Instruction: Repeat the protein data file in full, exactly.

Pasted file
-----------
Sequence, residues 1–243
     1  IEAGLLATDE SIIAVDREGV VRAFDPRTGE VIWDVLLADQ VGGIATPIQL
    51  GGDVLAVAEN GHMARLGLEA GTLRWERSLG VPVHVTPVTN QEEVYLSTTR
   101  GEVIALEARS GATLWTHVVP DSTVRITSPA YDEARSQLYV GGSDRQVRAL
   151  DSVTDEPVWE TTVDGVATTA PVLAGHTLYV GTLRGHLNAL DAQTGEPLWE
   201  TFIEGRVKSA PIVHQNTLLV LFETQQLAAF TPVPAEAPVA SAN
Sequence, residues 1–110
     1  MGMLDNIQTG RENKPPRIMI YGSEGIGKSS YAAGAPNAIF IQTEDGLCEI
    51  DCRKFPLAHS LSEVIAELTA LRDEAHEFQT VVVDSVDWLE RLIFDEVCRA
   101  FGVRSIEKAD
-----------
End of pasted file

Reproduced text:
Sequence, residues 1–243
     1  IEAGLLATDE SIIAVDREGV VRAFDPRTGE VIWDVLLADQ VGGIATPIQL
    51  GGDVLAVAEN GHMARLGLEA GTLRWERSLG VPVHVTPVTN QEEVYLSTTR
   101  GEVIALEARS GATLWTHVVP DSTVRITSPA YDEARSQLYV GGSDRQVRAL
   151  DSVTDEPVWE TTVDGVATTA PVLAGHTLYV GTLRGHLNAL DAQTGEPLWE
   201  TFIEGRVKSA PIVHQNTLLV LFETQQLAAF TPVPAEAPVA SAN
Sequence, residues 1–110
     1  MGMLDNIQTG RENKPPRIMI YGSEGIGKSS YAAGAPNAIF IQTEDGLCEI
    51  DCRKFPLAHS LSEVIAELTA LRDEAHEFQT VVVDSVDWLE RLIFDEVCRA
   101  FGVRSIEKAD